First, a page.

California's economy is about 156 billion dollars (about 50% larger than the next closest state) so a significant hit to the California economy would be a significant hit to the whole country.

How much water do people use per day?
The average households in the US uses about 90 gallons of water per person per day.

Are companies being respectful of the drought?
Largely they are, but generally only as they're be forced by law.

As a single example Crystal Geyser is about to open a bottling plant to take water from the Sacramento River in California, bottle it, and ship it to people around the whole country. Thanks Crystal Geyser!

Historical Rainfall:
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Population:
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Re: California Drought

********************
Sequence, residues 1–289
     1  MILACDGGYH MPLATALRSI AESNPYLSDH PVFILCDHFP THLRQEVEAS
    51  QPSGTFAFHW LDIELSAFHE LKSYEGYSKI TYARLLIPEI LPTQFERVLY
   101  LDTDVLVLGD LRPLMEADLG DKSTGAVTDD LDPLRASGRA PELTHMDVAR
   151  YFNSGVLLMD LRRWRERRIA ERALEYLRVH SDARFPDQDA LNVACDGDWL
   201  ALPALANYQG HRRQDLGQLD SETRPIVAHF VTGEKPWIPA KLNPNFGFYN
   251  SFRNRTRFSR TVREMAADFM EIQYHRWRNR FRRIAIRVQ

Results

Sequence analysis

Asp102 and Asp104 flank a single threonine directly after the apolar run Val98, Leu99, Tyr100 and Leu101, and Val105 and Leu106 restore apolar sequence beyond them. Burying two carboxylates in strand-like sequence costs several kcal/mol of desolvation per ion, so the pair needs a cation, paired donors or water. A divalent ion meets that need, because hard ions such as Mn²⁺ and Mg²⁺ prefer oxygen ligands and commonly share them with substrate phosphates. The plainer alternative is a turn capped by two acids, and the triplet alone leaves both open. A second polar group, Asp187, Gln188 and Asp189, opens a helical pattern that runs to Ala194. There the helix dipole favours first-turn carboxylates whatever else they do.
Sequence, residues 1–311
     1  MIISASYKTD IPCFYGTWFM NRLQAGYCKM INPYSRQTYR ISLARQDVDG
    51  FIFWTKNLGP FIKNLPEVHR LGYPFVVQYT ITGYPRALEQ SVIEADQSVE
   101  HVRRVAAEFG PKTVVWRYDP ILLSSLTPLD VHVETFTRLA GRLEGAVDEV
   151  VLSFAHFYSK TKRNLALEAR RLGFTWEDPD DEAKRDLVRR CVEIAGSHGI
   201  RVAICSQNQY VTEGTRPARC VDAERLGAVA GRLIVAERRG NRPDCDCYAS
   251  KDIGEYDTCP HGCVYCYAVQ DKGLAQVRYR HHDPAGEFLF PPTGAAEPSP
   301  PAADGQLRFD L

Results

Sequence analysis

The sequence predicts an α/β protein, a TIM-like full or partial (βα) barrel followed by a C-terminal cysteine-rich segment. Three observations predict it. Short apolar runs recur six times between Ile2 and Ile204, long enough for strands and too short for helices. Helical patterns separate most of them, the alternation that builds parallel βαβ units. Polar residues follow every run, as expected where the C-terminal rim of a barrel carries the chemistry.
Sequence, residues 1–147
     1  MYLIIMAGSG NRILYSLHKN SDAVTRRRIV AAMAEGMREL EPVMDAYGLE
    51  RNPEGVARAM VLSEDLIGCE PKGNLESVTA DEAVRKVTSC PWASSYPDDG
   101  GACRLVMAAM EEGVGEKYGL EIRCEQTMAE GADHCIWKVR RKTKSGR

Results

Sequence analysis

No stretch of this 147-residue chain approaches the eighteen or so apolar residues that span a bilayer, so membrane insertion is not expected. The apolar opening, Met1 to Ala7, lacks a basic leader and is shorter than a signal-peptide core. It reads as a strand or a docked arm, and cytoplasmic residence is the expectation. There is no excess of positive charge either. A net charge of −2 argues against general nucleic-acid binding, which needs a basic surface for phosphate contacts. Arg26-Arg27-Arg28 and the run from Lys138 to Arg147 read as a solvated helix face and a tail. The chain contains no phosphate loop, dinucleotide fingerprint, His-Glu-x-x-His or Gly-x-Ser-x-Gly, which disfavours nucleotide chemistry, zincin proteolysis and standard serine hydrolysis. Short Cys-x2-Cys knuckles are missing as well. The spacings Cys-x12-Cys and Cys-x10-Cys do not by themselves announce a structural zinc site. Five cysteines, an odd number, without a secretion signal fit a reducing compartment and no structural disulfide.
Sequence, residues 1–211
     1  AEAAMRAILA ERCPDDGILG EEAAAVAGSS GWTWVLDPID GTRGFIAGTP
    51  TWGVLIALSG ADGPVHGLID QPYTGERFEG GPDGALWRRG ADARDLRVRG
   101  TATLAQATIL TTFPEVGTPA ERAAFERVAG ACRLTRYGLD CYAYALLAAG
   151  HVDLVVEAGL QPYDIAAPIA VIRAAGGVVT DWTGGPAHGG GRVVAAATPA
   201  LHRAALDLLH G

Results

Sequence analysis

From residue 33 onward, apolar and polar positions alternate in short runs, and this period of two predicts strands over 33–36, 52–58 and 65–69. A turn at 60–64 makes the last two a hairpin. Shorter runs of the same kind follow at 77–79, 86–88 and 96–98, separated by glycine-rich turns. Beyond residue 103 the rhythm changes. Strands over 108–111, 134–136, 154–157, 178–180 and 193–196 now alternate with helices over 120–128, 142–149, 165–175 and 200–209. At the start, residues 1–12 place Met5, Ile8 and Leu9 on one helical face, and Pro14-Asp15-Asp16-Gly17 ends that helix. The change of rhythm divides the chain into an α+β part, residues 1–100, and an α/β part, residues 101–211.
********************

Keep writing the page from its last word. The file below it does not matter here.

Post by gronch » Mon May 18, 2015 8:14 pm

Nicely done.

As a San Diego native, there is a rather large perception problem about living in the desert. I had to water my lawn every other day to keep it green. The only other option was to go drought tolerant, which people don't want to do, because why pay a ton for your house just to put rocks in the front yard. Also, your HOA may not allow such madness.

Desalination requires electricity, and San Diego just lost San Onofre Nuclear Generating Station. That will put desalination at the mercy of the wider electrical grid. Any interruption of electricity will impact water production. I think it also puts water prices in lock step with fuel prices, but I haven't researched that.

Another cost of drought is wildfire. Rain makes fuel, drought makes big expensive fires.
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Re: California Drought

Post by Stercutus » Mon May 18, 2015 8:49 pm